Water management for home gardens

Published 12:42 pm Wednesday, July 3, 2019

Soil moisture is critical for seed germination, transplant establishment and proper plant development. Due to different rooting patterns, there are differences in the ability of warm and cool-season crops to tolerate low soil moisture or extended periods of drought. Cool-season crops often have shallow root systems that do not handle the stress of water deficiency well.

Warm-season crops often have deeper tap roots and are better able to survive under low water conditions. Regardless of the plant type, yield and often crop quality will be reduced if water is not consistently available throughout the growth season.

General estimated water needs for garden crops are 1 to 1.5 inches per week. If rainfall does not reach these levels, then supplemental watering is needed. In Tennessee, late summer and early fall are often the lowest rainfall times of year. Many crops are setting fruit and filling fruit or germinating (fall cool season crops) during this time, so irrigation is often needed to optimize crop productivity.

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One of the most common methods of watering home gardens is overhead. This can be accomplished by carrying water and delivering it by hand or by using a water hose. Other overhead methods are using sprinkler systems commonly used to water lawns. Benefits of sprinklers include their relative cost efficiency and ease of use. They can be connected to water hose and moved to different areas of the garden as needed. Drawbacks include non-uniform water delivery and the fact that water is always applied to the leaves. Care must be taken to allow the leaves to dry before nightfall when using overhead irrigation or there is an increased risk of disease. Finally, overhead irrigation often results in more water use because all crop rows and walkways are irrigated and water evaporates from both soil and leaf surfaces.

The other common method of providing water to gardens is drip irrigation. One easy method of drip irrigation is the use of soaker hoses. These hoses are readily available and can be an easy and more efficient method of watering than overhead irrigation. A drawback is that hundreds of feet of soaker hose can be expensive for large gardens or the gardener must move hoses to water different areas of the garden. Another limitation is that soaker hoses do not always deliver water evenly along their length.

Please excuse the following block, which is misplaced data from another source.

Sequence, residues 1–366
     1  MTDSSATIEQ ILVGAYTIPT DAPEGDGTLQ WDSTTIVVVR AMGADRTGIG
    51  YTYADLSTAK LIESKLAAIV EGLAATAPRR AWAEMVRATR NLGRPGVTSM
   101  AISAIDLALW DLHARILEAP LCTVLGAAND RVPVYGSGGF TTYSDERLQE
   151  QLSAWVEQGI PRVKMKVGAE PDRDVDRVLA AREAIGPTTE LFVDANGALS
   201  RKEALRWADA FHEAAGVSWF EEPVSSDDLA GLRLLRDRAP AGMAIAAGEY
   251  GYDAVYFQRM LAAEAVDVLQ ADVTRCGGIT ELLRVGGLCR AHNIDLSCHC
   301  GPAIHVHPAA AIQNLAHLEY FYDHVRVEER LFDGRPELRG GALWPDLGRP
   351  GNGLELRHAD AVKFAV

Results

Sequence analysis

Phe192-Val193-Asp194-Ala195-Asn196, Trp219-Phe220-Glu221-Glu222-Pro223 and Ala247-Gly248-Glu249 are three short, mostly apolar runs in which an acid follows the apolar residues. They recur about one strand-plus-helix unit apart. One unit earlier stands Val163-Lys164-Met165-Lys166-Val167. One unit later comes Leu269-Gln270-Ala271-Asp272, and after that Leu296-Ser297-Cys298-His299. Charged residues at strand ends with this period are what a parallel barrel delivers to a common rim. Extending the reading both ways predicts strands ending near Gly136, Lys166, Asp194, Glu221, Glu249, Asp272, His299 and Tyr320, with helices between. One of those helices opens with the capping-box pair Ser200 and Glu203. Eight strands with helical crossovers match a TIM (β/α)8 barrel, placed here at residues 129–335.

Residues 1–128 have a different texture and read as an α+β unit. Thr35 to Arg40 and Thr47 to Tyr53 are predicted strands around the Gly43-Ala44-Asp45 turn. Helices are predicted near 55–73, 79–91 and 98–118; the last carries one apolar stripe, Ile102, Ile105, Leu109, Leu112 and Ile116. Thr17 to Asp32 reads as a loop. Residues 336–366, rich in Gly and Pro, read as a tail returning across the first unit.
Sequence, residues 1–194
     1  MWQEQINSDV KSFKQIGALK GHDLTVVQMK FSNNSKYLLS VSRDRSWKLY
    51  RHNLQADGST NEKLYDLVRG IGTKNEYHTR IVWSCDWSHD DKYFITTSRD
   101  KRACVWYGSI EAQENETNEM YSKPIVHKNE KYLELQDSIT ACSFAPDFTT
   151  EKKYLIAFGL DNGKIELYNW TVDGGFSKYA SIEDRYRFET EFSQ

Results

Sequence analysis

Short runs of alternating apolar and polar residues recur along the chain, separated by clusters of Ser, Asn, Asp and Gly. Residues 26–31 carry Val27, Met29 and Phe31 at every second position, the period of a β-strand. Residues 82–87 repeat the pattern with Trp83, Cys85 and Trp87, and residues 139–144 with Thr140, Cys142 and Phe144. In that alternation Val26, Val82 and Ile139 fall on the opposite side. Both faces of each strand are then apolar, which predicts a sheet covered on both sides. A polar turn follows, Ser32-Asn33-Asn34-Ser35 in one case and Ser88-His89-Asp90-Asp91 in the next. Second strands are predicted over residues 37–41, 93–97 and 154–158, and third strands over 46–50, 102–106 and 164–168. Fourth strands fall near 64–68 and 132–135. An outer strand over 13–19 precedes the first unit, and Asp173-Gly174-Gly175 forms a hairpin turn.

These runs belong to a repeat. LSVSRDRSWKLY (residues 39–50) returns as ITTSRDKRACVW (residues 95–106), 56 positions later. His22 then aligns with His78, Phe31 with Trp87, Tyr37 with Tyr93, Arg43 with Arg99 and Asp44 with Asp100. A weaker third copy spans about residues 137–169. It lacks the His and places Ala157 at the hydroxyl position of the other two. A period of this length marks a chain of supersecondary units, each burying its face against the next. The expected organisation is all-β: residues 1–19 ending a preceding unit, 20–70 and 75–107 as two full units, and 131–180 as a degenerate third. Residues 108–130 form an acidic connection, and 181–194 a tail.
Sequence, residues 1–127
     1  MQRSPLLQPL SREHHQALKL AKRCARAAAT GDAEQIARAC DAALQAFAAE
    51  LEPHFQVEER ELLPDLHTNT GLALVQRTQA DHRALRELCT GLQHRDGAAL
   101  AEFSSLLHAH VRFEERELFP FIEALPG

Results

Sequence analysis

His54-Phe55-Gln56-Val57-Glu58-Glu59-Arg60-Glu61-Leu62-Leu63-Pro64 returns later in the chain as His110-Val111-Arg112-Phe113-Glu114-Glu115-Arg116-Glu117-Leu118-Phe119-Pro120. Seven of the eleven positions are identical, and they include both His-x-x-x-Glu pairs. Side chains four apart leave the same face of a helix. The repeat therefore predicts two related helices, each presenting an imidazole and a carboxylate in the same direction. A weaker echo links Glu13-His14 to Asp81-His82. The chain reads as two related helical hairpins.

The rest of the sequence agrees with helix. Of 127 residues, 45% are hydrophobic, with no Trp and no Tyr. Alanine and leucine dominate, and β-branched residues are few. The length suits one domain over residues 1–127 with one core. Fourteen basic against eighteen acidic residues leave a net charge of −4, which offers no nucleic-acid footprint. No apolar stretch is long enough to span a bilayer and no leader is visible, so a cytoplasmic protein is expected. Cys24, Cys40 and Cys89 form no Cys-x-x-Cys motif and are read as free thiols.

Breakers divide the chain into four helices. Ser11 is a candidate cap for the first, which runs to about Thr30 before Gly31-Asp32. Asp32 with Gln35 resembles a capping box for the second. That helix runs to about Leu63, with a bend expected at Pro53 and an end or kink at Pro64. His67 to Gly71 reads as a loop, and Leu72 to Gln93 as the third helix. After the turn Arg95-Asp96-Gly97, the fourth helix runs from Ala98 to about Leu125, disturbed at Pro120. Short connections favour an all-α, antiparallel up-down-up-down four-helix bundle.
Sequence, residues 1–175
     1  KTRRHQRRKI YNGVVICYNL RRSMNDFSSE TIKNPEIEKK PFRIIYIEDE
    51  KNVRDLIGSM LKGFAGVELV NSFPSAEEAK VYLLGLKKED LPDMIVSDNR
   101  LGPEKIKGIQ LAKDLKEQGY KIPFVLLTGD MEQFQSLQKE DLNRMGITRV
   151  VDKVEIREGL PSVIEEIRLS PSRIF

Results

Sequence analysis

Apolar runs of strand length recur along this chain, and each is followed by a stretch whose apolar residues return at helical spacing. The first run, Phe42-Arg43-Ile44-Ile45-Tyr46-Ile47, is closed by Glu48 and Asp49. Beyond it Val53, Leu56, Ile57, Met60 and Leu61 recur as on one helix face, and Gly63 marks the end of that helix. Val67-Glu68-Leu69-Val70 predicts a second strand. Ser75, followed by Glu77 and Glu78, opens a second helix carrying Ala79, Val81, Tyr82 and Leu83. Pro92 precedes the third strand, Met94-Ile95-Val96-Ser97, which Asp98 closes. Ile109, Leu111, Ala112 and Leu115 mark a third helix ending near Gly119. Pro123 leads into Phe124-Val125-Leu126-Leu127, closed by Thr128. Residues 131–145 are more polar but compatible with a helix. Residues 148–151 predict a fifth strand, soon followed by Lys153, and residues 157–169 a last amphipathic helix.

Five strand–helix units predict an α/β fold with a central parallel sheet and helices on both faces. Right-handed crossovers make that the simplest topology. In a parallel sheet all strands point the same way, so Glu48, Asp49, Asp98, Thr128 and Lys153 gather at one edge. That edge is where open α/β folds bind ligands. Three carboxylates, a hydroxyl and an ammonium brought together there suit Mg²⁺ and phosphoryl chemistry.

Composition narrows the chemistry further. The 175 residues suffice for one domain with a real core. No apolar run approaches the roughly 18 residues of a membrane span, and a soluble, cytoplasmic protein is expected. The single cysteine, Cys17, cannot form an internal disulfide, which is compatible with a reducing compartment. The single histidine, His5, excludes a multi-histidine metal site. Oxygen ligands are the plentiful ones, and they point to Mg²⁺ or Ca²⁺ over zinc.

Another method for garden irrigation is trickle or drip tapes. Simple drip irrigation systems can be relatively economical and work quite well for the home gardener. Leaf surfaces remain dry, water is conserved by being placed directly where it is needed, and an even application can be achieved. Some of the most common drip irrigation systems are installed using drip tape. This tape is a thin wall plastic that has water emitters embedded in the plastic or at specific intervals. The space between emitters can be varied based on soil type (closer for sandy soils than clay soils), plant type or seeding rate. Drip systems can be installed to automatically operate by using timers or they can simply be connected to a water hose when irrigation is required.

Soil water management is related to many other practices in the home garden. Mulching can reduce soil water loss and the need for irrigation. Maintaining proper soil moisture is also useful in making the best use of fertilizers. When the soil is dry, plant nutrient uptake is limited because most nutrients are taken up with water by the roots and move in water throughout the plant. Side-dressing and other fertilization practices are often recommended in conjunction with watering to make the nutrients more available to the plants. Conversely, excessive watering can leach the nutrients away from the plant roots and cause nutrient runoff and soil erosion. Proper water management supports both production and stewardship in the garden.

If you have any questions about this article give me a call at 423-626-3742. Stay tuned for the next installment of Garden News where we discuss supporting our plants.